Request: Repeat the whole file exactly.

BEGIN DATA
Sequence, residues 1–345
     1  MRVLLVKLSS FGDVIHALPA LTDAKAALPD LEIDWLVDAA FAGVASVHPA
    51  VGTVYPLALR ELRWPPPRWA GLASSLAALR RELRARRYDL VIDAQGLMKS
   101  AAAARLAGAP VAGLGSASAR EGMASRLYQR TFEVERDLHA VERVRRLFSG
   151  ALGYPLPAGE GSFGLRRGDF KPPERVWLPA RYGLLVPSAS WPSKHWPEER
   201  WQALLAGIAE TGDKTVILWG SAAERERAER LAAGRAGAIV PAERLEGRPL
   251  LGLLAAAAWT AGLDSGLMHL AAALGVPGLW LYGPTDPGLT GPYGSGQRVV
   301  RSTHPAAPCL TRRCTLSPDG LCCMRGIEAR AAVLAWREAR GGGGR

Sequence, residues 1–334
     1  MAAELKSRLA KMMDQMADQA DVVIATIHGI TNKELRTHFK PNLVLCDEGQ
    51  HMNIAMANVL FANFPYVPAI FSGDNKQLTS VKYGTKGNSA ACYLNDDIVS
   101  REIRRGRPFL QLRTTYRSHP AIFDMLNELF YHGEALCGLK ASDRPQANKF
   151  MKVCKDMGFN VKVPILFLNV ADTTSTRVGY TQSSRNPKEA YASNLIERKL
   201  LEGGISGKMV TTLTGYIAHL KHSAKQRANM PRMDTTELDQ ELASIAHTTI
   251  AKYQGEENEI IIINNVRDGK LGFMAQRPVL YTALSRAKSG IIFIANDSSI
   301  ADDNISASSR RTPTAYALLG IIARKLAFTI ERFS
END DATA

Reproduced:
Sequence, residues 1–345
     1  MRVLLVKLSS FGDVIHALPA LTDAKAALPD LEIDWLVDAA FAGVASVHPA
    51  VGTVYPLALR ELRWPPPRWA GLASSLAALR RELRARRYDL VIDAQGLMKS
   101  AAAARLAGAP VAGLGSASAR EGMASRLYQR TFEVERDLHA VERVRRLFSG
   151  ALGYPLPAGE GSFGLRRGDF KPPERVWLPA RYGLLVPSAS WPSKHWPEER
   201  WQALLAGIAE TGDKTVILWG SAAERERAER LAAGRAGAIV PAERLEGRPL
   251  LGLLAAAAWT AGLDSGLMHL AAALGVPGLW LYGPTDPGLT GPYGSGQRVV
   301  RSTHPAAPCL TRRCTLSPDG LCCMRGIEAR AAVLAWREAR GGGGR

Sequence, residues 1–334
     1  MAAELKSRLA KMMDQMADQA DVVIATIHGI TNKELRTHFK PNLVLCDEGQ
    51  HMNIAMANVL FANFPYVPAI FSGDNKQLTS VKYGTKGNSA ACYLNDDIVS
   101  REIRRGRPFL QLRTTYRSHP AIFDMLNELF YHGEALCGLK ASDRPQANKF
   151  MKVCKDMGFN VKVPILFLNV ADTTSTRVGY TQSSRNPKEA YASNLIERKL
   201  LEGGISGKMV TTLTGYIAHL KHSAKQRANM PRMDTTELDQ ELASIAHTTI
   251  AKYQGEENEI IIINNVRDGK LGFMAQRPVL YTALSRAKSG IIFIANDSSI
   301  ADDNISASSR RTPTAYALLG IIARKLAFTI ERFS